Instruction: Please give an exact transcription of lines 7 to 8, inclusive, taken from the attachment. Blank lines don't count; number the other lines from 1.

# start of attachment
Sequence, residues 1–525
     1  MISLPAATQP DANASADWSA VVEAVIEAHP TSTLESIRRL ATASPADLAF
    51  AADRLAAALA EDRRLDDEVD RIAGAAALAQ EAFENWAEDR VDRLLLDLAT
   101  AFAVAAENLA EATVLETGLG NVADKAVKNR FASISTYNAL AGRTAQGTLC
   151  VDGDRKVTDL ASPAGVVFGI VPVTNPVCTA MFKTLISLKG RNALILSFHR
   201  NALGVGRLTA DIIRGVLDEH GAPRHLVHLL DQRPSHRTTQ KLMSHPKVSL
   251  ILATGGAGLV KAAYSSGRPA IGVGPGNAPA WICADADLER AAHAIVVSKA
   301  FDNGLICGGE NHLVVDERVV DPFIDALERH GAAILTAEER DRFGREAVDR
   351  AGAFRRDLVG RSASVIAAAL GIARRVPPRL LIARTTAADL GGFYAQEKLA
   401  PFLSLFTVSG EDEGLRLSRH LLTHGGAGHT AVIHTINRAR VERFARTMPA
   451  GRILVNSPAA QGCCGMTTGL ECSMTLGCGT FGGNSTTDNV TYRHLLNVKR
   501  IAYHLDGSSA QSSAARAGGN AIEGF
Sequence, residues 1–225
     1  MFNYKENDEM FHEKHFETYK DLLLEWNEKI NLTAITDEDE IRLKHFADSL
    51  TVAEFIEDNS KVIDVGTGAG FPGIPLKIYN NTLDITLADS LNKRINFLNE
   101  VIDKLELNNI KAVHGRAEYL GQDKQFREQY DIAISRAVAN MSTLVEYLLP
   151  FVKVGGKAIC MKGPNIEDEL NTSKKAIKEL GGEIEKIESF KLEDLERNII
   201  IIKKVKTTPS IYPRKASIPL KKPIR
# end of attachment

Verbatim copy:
   251  ILATGGAGLV KAAYSSGRPA IGVGPGNAPA WICADADLER AAHAIVVSKA
   301  FDNGLICGGE NHLVVDERVV DPFIDALERH GAAILTAEER DRFGREAVDR